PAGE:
Ohio to vote on redistricting reform

Ohio to vote on redistricting reform
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Ohio voters will decide whether to overhaul the way state legislators draw congressional district lines in a May referendum after Democrats and Republicans reached a last-minute deal this week.

The measure will ask voters whether they want to amend the state constitution to require bipartisan support when drawing new congressional district lines. Any new maps would require three-fifths support in the state House and Senate, including support from at least half the members of the minority party.

If Republicans and Democrats in the legislature cannot agree on a map, a seven-member bipartisan commission would be assigned to draw new maps. Those maps would have to be approved with at least two votes from the minority party.


If the bipartisan commission fails, the legislature would be allowed to try to draw 10-year maps that earn support from one-third of the minority party or a four-year map with only majority support. 

The ballot measure came after weeks of negotiations between legislatures and an outside coalition, led by Ohio’s League of Women Voters. The coalition, Fair Districts = Fair Elections, gathered more than 200,000 signatures on a petition for its redistricting reform initiative and qualified for November’s ballot.

Just a week ago, the negotiations appeared stalled. But state Senate President Larry Obhof (R) and state Sen. Vernon Sykes (D) hammered out a final deal to reach a compromise.

“This compromise was hard-fought, down to the last minute, requiring concessions on both sides, and we are not entering into it lightly,” said Beth Taggart, executive director of the League of Women Voters of Ohio.

The constitutional amendment would also require at least 65 counties to be drawn wholly into a congressional district. New maps could not divide the cities of Cleveland or Cincinnati between districts.

“This plan ends the process of stretching districts far across the state, while maintaining the importance of the historic Voting Rights Act,” said state Sen. Matt Huffman (R), the sponsor of the compromise plan.

The Senate voted unanimously on Monday to approve the compromise. The House concurred Tuesday in an 82-10 vote. The measure will appear on the May 8 ballot, when Ohio voters pick party nominees in a statewide primary.

Ohio is just one front in the partisan war over how states draw congressional and legislative district lines. Voters in Michigan, Missouri and South Dakota are all likely to face redistricting reform initiatives in November, while the Supreme Court considers redistricting cases involving North Carolina and Wisconsin.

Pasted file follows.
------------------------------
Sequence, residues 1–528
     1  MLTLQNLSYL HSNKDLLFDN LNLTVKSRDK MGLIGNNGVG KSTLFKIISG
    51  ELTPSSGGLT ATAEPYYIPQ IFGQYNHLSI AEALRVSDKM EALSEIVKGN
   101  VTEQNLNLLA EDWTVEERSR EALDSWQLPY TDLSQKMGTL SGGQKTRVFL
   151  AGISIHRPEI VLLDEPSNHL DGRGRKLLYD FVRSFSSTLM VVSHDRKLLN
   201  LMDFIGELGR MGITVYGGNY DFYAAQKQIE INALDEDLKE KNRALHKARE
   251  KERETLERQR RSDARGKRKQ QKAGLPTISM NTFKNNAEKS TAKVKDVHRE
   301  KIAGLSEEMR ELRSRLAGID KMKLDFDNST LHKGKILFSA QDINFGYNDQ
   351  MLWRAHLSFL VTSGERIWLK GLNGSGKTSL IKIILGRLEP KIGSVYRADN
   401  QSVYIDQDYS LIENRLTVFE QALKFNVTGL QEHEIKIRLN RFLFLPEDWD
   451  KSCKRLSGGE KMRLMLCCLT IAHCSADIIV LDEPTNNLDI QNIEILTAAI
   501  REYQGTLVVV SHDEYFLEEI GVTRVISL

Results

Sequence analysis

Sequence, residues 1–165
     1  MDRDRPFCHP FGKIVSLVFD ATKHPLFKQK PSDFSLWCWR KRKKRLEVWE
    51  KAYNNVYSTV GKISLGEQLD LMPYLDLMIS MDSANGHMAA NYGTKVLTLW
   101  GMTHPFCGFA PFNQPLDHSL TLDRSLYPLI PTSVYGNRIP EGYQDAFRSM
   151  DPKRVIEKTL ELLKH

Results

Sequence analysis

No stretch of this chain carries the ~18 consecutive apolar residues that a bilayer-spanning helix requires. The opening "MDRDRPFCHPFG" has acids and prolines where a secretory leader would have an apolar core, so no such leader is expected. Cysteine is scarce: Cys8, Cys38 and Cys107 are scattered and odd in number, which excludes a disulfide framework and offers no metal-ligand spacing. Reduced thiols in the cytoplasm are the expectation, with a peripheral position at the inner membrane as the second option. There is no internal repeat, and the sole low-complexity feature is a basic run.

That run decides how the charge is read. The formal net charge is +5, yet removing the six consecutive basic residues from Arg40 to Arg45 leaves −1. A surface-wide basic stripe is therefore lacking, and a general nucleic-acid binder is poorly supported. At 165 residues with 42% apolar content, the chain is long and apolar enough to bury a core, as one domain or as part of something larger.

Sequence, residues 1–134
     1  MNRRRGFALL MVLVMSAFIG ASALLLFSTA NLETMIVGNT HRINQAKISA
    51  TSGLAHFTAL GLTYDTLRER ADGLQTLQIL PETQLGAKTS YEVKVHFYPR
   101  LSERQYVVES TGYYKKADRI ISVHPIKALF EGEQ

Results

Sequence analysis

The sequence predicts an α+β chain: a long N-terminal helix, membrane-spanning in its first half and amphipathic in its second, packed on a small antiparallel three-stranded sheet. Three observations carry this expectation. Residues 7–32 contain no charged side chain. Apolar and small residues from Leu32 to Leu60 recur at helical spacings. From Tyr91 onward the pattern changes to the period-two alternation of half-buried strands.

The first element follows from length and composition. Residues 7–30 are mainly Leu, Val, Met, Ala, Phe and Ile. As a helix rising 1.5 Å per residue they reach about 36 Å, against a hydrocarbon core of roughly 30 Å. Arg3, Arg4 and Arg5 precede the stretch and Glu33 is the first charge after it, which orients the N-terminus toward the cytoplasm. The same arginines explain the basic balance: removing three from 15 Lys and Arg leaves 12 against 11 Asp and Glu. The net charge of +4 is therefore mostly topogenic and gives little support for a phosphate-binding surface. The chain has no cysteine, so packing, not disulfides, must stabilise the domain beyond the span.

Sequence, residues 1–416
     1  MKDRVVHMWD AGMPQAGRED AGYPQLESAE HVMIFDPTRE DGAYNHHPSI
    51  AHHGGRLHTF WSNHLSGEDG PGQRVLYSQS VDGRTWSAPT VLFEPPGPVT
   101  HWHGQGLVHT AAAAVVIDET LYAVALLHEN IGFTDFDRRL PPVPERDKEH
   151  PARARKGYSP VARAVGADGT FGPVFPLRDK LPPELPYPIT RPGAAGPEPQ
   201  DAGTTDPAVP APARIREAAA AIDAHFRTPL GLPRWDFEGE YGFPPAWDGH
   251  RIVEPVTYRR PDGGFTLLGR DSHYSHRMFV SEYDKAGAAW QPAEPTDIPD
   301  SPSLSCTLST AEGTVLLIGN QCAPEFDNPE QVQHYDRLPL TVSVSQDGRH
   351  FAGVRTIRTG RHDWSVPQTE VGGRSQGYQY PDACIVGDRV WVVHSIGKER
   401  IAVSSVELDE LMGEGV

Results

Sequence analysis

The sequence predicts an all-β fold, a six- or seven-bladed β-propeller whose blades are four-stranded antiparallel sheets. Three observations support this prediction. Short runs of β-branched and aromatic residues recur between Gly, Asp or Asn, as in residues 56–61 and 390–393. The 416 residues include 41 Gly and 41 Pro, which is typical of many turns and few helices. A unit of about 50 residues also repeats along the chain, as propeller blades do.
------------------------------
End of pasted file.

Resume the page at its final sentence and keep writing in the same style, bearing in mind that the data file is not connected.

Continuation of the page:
The Supreme Court said earlier this week it would not block a Pennsylvania Supreme Court ruling ordering new district boundaries in the Keystone State, where the Republican-led legislature had drawn lines that favor the GOP.

Ohio’s congressional district maps favor Republicans. The GOP holds 12 of the state’s 16 congressional seats, even though the party won only 58 percent of the two-party vote for Congress in the 2016 elections. 

Several districts, like those held by Reps. Jim JordanJames (Jim) Daniel JordanRod Rosenstein’s final insult to Congress: Farewell time for reporters but not testimony House conservatives blast border deal, push Trump to use executive power Cohen to testify before three congressional panels before going to prison MORE (R), Bob GibbsRobert (Bob) Brian GibbsHouse conservatives want ethics probe into Dems' handling of Kavanaugh allegations Judge rules against Trump attempt to delay Obama water rule House Dems add five candidates to ‘Red to Blue’ program MORE (R) and Jim RenacciJames (Jim) B. RenacciGOP rep: If Mueller had found collusion, ‘investigation would have wrapped up very quickly’ House Ethics Committee extends probe into Renacci Sherrod Brown says he has 'no real timetable' for deciding on 2020 presidential run MORE (R), snake from the Cleveland suburbs out into more conservative rural parts of the state, dividing several counties between different districts. Rep. Marcy KapturMarcia (Marcy) Carolyn KapturOvernight Energy: Wheeler weathers climate criticism at confirmation hearing | Dems want Interior to stop drilling work during shutdown | 2018 was hottest year for oceans House Dems call on leadership to prioritize opioid epidemic Lawmakers shrug off shutdown drama MORE (D), whose district stretches from Toledo in the west to Lorain in the east, cannot drive her entire district without crowding into Republican-held territory.

Ohio Gov. John Kasich (R) has long been a proponent of reforming the way districts are drawn. Kasich pushed the Republican-controlled legislature to reform the way they drew their own district boundaries in 2015, though congressional districts were left out of that effort at the behest of Rep. John BoehnerJohn Andrew BoehnerBill Clinton jokes no one would skip Dingell's funeral: 'Only time' we could get the last word Left flexes muscle in immigration talks Former Ryan aide moves to K street MORE, then the Speaker of the House and a Kasich ally.

Kasich called for redistricting reform in his 2016 State of the State speech. He did not include redistricting reform in his budget last year, after GOP legislators said they would take up the issue once again.